Portland and Packing (June 25-26)Shortly after Adam mentioned his conference in Portland, I bought a plane ticket and made my first trip to the Pacific Northwest. Continental wanted to ruin my trip badly and bumped me off my non-stop from Newark to Portland. Mind you this was at 745am and I lost my seat to one of several skateboard-toting kids headed to Hood for summer camp. Eventually, I made it to Houston on a 1145am flight, watched the Euro Cup match between Germany and Turkey, and landed in portland right after 6pm. A quick ride on the light rail and I was downtown. We promptly headed out to sample the fine selection of beer available in Portland and quickly put away a large swath of IPAs. After fighting the headache in the morning, we made it to Enterprise and picked up our chariot - The Mighty White Cobalt.
At $40 a day, it was well worth it compared to $90-$100 at hertz. We left the car at enterprise and headed to the hotel to try and get a quick nap. 1030pm came quickly and we walked the few blocks back to the car with full packs and got a few strange looks from people headed out to the bars.
Summit Day (June 27)Technically, summit day started at 10:30 the night before when we left the hotel, but Friday the 27th was when we actually started hiking. After a quick food and water check, putting on gaiters, and filing our paperwork, Adam and I took off from the Mighty Colbalt at 12:50am. Adam set a fast but reasonable pace up through the ski area. Neither of us knew where the exact route was (we would see the correct route on the decent), but after a few hours of trampling snow and dirt and rock, we were in the area of triangle moraine. The moon was out and the temps were in the low 40s - perfect for hiking but I did put my down jacket on to keep warm during breaks.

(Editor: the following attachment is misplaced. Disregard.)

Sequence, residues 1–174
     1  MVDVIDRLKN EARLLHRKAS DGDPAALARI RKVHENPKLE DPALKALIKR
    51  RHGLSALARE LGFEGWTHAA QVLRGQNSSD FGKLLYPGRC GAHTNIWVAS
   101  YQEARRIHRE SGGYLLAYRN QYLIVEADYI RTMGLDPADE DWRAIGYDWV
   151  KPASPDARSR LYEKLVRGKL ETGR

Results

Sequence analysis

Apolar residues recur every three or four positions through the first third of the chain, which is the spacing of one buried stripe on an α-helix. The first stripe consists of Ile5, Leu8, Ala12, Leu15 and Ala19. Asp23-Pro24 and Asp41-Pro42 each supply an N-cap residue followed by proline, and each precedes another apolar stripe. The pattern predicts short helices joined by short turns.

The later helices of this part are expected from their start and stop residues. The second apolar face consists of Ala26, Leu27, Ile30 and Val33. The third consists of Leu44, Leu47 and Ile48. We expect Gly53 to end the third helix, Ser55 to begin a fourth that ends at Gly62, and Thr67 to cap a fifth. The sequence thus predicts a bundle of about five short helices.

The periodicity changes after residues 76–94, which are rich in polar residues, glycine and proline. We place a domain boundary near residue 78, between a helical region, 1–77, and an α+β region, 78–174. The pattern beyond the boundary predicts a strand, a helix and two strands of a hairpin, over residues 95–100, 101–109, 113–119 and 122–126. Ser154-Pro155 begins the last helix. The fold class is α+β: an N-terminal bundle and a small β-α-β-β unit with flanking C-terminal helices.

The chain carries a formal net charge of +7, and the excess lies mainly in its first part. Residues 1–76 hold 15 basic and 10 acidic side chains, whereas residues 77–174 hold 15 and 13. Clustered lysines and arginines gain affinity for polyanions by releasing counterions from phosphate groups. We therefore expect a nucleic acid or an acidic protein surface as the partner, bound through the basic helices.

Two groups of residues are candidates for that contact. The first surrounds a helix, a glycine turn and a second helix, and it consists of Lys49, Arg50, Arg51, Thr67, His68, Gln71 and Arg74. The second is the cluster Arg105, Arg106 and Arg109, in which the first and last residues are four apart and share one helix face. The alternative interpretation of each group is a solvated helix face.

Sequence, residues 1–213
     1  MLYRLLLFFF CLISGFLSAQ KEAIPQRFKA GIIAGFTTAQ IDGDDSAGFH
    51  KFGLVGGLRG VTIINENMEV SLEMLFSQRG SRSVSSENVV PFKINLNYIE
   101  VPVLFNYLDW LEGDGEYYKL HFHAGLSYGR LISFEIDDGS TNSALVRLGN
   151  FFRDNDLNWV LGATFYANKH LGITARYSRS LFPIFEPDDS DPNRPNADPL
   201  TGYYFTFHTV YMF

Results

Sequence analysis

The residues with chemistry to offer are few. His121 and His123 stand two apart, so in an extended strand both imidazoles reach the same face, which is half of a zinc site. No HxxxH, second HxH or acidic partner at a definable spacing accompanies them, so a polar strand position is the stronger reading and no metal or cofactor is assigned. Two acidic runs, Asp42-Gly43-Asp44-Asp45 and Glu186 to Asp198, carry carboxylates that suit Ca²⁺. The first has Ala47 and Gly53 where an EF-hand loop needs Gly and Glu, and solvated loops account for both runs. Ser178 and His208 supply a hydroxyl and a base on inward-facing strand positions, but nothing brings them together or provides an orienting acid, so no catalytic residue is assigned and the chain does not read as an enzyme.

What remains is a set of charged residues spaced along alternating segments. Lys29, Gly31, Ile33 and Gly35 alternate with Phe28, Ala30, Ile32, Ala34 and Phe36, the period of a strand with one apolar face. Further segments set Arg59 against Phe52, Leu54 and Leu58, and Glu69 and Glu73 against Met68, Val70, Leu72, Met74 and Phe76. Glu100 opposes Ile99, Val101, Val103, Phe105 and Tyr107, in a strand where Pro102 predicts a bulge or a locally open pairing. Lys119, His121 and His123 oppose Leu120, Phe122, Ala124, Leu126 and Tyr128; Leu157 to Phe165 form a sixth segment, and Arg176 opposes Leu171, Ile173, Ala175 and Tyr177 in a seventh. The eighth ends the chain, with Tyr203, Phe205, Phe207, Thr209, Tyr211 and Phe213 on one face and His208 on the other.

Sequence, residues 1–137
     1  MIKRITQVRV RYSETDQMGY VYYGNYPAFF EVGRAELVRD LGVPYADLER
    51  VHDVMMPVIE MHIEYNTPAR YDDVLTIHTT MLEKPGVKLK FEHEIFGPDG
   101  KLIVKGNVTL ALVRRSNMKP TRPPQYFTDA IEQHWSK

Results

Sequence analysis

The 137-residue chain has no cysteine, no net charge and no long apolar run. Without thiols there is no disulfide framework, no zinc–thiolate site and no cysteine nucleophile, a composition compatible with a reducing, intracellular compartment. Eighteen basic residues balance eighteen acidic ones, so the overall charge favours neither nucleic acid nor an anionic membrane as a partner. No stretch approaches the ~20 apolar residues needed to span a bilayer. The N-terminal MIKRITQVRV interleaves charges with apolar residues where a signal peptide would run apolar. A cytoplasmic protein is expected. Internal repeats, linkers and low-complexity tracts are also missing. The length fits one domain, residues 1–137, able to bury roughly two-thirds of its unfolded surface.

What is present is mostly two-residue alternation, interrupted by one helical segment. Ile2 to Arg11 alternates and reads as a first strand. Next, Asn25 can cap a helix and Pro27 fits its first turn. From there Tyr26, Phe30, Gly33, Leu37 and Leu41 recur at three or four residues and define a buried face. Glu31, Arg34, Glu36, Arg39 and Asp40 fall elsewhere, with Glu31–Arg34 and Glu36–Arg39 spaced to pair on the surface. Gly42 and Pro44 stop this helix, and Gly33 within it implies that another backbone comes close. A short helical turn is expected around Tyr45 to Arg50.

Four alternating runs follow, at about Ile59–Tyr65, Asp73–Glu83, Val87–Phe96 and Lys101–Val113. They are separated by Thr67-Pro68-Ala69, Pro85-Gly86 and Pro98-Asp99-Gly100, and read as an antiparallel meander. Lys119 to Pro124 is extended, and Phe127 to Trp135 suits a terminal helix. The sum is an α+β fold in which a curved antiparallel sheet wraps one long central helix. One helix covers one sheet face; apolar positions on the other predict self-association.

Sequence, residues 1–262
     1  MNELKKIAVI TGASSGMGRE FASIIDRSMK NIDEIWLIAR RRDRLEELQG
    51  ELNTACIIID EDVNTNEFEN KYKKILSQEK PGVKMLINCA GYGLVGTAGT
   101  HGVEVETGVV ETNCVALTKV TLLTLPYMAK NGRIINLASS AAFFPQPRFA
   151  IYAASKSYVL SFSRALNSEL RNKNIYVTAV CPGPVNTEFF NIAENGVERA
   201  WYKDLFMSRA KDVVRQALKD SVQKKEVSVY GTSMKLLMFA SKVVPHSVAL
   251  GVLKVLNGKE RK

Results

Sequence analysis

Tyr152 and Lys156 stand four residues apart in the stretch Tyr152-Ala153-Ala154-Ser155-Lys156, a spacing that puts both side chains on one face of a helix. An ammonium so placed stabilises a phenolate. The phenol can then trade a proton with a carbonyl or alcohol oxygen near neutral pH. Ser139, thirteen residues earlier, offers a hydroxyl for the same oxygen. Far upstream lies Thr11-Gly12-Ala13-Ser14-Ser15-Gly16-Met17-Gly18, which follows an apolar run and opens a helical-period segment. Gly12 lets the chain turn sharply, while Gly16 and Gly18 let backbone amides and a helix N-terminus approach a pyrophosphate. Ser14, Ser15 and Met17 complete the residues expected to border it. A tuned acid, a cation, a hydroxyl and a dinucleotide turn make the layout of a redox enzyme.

We stopped below the steep snow field and put on crampons as we saw a big group ahead of us. Their leader told us they left the parking lot at 10pm, which surprised us considering we covered the same distance in half the time. I guess that is what happens when climbing in a big group.
We passed the large group and made our way past some smelly fumaroles en route to the hogsback. Here we met a couple of guys roping up and taking a break. Our research about the route from locals led to our decision to not rope up. In the end, this made our ascent and decent much faster and at no point during the final 1000 ft did I feel uncomfortable with the climbing (It must be said that while I was comfortable, Adam might have lost a few deer pellets in his pants).
After a quick drink and food break and chatting with the two guys roping up, we started up the hogsback around 445am. They started around midnight and to our delight, we were the first people to head up the hogsback for the day.
The bergschund is wide open and a well trampled path leads to the left towards the old chute route. However, the path goes right over the left end of the opening so I headed further out on the slope to avoid any possibility of breaking through. After cutting left, I kicked steps up for a few hundred feet to join the footpath.
The sun was rising and Hood's shadow came into view.
Two younger guys from the Portland area were about 100 feet behind us the rest of the way. The main path leads to the left up the old chute route. I saw a more direct line to the right that looked a little steeper but would bypass the catwalk on the summit ridge. The snow had frozen the night before and was absolutely perfect for cramponing.
I was leading this whole section and kicking steps in dagger position was getting bit tiring, but shortly after 6am, we topped out on the ridge and saw the summit only a few feet away.
We finally reached the summit at 6:05am for a total ascent time of 5 hours and 15 minutes. The views from the top were amazing with plenty of other cascade volcanoes in clear view.
We followed the same route down, downclimbing the top 400 feet then sidestepping down to the dirt next to the hogsback.
There were at least 4 roped groups moving up the mountain at a very slow pace. Conga line if I have ever seen one.
Parting ThoughtsWe hauled ass down the mountain and made the car by 9:45am for a total round trip time of just under 9 hours. Adam definitely pushed the pace on the front end of the hike in with a rate of over 1300' per hour and we averaged 1100' per hour for the entire ascent.
This was definitely one of my favorite climbs so far and the only summer route where I have been on snow >99% of the time. It was great to be the first people on the summit and have the summit nearly alone for a few minutes.
After the climb, Adam and I decided to try and drink Portland dry, a task in which we almost succeeded. 6 breweries and an organic beer festival later, we finally headed home, only to start making plans for the next trip.